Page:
FORTY MOST ASKED QUESTIONS & ANSWERS

Conflicts of Federal Proposal With Land Use Plans on Policies and Controls


23 a. How should an agency handle potential conflicts between a proposal and the objectives of Federal, state or local land use plans, policies and controls for the area concerned? See Section 150.16(c) ?

Answer:

The agency should first inquire of other agencies whether there are any potential conflicts. If there would be immediate conflicts, or if conflicts could arise in the future when the plans are finished (see Question 23(b) below), the EIS must acknowledge and describe the extent of those conflicts. If there are any possibilities of resolving the conflicts, these should be explained as well. The EIS should also evaluate the seriousness of the impact of the proposal on the land use plans and policies, and whether, or how much, the proposal will impair the effectiveness of land use control mechanisms for the area. Comments from officials of the affected area should be solicited early and should be carefully acknowledged and answered in the EIS.

23 b. What constitutes a "land use plan or policy" for purposes of this discussion?

Answer:

The term "land use plans" includes all types of formally adopted documents for land use planning, zoning, and related regulatory requirements. Local general plans are included, even though they are subject to future change. Proposed plans should also be addressed if they have been formally proposed by the appropriate government body in a written form, and are being actively pursued by officials of the jurisdiction. Staged plans, which must go through phases of development such as the Water Resources Council's Level A, B, and C planning process should also be included even though they are incomplete. The term "policies" includes formally adopted statements of land use policy as embodied in laws or regulations.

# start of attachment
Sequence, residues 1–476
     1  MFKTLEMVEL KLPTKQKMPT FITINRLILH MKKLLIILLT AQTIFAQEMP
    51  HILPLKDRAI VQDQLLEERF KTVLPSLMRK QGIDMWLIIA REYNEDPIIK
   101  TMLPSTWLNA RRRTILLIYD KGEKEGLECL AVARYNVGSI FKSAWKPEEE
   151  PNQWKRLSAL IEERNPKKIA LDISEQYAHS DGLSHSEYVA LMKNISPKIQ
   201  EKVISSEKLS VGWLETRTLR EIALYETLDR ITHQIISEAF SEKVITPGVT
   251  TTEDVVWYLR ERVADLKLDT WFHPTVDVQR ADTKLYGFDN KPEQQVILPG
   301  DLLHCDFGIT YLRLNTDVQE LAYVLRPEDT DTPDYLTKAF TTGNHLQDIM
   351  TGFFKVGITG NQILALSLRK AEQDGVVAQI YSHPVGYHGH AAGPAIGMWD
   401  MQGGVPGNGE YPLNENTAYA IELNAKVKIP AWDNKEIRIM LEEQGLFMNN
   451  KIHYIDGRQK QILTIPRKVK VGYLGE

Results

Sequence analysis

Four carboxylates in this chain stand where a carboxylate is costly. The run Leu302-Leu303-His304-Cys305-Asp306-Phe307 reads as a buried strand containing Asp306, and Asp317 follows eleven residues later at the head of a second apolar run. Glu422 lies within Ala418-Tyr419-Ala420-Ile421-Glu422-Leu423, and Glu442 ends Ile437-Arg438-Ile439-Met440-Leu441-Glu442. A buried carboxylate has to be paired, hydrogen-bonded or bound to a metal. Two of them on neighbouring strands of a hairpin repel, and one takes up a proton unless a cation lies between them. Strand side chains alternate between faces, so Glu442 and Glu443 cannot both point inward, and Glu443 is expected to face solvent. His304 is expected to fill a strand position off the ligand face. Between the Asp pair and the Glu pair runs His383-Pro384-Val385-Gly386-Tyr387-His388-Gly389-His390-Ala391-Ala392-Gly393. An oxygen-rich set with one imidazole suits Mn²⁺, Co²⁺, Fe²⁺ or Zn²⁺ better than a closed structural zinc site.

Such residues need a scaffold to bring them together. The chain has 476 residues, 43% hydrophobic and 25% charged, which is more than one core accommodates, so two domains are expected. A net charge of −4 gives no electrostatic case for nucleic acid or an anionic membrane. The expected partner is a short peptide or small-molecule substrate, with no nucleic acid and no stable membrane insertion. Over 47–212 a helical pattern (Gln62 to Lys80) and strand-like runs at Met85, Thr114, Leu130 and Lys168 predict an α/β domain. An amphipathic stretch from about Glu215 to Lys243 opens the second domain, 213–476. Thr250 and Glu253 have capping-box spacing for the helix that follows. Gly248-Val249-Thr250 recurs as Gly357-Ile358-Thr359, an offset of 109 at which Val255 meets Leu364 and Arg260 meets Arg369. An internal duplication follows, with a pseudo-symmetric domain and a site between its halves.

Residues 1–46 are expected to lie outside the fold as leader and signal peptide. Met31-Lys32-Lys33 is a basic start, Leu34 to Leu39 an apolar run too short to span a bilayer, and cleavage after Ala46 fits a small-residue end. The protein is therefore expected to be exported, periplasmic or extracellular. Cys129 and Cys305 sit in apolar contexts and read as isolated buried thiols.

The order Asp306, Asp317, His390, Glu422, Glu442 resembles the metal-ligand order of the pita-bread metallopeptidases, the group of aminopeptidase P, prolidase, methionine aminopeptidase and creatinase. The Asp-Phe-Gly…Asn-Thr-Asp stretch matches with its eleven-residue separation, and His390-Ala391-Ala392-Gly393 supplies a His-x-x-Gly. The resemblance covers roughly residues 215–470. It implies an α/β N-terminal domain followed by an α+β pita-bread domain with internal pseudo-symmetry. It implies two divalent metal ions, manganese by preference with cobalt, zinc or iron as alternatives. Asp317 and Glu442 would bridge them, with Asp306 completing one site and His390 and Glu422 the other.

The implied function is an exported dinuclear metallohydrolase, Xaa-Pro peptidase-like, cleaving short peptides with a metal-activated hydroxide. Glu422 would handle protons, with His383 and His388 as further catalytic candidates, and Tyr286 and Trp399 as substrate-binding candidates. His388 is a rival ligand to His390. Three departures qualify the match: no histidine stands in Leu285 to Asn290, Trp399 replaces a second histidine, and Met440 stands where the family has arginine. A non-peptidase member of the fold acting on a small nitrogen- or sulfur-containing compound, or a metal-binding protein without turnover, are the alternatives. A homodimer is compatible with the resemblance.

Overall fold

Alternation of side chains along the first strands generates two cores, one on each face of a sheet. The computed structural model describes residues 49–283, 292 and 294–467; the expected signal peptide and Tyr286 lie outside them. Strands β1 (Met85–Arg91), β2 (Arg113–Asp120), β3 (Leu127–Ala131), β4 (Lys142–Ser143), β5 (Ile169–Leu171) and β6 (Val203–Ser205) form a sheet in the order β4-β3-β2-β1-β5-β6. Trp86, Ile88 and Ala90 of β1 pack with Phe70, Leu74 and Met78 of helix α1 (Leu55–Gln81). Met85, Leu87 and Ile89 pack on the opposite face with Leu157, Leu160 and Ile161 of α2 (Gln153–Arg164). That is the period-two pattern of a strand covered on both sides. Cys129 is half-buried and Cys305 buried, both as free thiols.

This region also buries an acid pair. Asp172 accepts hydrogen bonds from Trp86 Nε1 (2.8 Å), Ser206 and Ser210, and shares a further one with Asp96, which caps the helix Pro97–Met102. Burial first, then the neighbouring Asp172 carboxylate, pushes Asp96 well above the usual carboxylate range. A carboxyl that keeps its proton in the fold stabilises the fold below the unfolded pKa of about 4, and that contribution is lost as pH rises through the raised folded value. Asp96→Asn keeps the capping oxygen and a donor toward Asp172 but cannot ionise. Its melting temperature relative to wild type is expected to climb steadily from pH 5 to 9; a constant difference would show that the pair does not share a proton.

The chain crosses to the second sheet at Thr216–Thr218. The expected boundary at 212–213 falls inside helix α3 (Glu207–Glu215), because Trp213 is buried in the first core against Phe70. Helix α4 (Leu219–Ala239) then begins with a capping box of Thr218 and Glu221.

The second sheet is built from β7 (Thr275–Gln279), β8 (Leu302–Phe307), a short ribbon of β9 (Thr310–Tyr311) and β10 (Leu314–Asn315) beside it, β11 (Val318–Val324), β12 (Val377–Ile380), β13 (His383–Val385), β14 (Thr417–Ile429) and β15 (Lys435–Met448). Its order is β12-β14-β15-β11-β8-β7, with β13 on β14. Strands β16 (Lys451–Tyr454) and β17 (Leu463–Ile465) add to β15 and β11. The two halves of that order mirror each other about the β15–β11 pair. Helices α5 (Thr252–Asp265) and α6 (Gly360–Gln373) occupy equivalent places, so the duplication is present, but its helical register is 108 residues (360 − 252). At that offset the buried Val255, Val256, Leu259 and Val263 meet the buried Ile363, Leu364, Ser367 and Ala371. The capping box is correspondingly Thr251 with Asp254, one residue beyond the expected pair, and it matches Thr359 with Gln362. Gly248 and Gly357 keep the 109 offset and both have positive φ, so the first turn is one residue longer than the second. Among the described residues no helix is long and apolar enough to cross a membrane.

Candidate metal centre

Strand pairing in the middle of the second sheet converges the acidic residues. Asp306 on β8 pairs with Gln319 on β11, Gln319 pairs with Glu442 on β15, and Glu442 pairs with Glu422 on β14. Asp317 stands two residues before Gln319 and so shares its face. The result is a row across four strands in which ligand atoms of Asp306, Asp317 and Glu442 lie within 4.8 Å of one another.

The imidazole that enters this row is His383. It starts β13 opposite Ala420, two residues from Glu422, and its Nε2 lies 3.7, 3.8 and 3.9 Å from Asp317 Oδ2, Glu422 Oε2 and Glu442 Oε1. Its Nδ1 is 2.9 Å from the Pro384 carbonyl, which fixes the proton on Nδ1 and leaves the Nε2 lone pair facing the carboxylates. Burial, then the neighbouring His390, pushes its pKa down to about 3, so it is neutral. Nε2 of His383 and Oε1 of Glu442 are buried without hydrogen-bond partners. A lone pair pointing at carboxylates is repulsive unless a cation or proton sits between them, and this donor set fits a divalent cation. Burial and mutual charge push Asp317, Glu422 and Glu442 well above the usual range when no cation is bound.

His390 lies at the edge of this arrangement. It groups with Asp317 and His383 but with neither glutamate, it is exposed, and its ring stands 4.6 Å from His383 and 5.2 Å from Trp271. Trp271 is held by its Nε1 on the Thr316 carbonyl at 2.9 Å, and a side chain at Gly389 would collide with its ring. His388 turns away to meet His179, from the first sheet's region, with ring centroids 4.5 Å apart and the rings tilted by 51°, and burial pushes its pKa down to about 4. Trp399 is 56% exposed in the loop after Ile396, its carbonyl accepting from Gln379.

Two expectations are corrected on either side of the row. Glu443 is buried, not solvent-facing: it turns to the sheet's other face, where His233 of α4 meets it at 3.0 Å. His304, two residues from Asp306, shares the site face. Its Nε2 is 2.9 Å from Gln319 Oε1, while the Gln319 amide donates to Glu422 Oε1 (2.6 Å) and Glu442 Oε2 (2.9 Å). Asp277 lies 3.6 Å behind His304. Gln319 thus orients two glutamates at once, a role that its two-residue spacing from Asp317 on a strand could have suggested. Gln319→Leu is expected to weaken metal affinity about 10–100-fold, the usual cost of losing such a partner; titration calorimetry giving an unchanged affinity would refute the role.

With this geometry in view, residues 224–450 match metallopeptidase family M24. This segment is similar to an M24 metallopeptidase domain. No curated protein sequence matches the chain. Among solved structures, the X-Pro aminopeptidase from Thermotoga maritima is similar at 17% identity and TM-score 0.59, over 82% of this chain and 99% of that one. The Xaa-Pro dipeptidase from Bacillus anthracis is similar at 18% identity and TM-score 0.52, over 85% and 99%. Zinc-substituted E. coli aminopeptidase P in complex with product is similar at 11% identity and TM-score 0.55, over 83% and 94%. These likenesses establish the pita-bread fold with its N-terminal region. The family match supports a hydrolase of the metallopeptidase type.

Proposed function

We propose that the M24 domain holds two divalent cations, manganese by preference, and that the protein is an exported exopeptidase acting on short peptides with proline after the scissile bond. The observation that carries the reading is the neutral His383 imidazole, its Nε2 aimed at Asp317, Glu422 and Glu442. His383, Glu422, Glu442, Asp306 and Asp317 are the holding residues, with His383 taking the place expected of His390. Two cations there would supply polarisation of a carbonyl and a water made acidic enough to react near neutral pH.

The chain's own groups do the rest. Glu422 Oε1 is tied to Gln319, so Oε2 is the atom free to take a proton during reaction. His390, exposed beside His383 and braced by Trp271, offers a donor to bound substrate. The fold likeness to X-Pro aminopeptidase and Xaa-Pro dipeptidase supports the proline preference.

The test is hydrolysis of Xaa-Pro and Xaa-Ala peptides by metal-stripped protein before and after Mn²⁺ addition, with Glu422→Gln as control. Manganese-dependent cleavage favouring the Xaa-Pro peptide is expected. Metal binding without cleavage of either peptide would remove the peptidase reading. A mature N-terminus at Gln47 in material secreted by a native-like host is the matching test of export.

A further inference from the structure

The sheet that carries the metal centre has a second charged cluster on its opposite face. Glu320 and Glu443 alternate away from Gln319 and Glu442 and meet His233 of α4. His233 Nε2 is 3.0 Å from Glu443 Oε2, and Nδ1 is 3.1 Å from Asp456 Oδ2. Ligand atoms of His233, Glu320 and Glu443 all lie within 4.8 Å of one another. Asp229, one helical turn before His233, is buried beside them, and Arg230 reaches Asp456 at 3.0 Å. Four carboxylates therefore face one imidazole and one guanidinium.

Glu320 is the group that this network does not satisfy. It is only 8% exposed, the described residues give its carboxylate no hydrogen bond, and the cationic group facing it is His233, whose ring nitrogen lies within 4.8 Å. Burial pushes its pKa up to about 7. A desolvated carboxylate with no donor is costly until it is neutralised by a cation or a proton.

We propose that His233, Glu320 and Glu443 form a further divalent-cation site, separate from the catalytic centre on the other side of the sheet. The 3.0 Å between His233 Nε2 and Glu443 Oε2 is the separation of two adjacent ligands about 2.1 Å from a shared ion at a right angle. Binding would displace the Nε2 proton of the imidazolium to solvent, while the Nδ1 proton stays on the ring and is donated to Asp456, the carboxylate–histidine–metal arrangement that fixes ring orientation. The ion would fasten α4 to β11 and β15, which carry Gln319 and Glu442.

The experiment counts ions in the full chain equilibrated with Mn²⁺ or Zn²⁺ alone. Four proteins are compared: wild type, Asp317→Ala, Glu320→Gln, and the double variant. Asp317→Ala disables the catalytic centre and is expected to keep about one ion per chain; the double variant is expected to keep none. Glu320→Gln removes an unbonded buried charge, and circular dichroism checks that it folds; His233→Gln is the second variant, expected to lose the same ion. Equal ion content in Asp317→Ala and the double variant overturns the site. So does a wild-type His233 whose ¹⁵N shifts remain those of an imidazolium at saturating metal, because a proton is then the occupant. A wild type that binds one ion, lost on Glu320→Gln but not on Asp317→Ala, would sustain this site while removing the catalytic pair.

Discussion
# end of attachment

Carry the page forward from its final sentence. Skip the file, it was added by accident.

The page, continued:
It also includes proposals for action such as the initiation of a planning process, or a formally adopted policy statement of the local, regional or state executive branch, even if it has not been formally adopted by the local, regional or state legislative body.

23 c. What options are available for the decisionmaker when conflicts with such plans or policies are identified?

Answer:

After identifying any potential land use conflicts, the decisionmaker must weigh the significance of the conflicts among all the other environmental and non-environmental factors that must be considered in reaching a rational and balanced decision. Unless precluded by other law from causing or contributing to any inconsistency with the land use plans, policies or controls, the decisionmaker retains the authority to go forward with the proposal, despite the potential conflict. In the Record of Decision, the decisionmaker must explain what the decision was, how it was made, and what mitigation measures are being imposed to lessen adverse environmental impacts of the proposal, among the other requirements of Section 1505.2. This provision would require the decisionmaker to explain any decision to override land use plans, policies or controls for the area.

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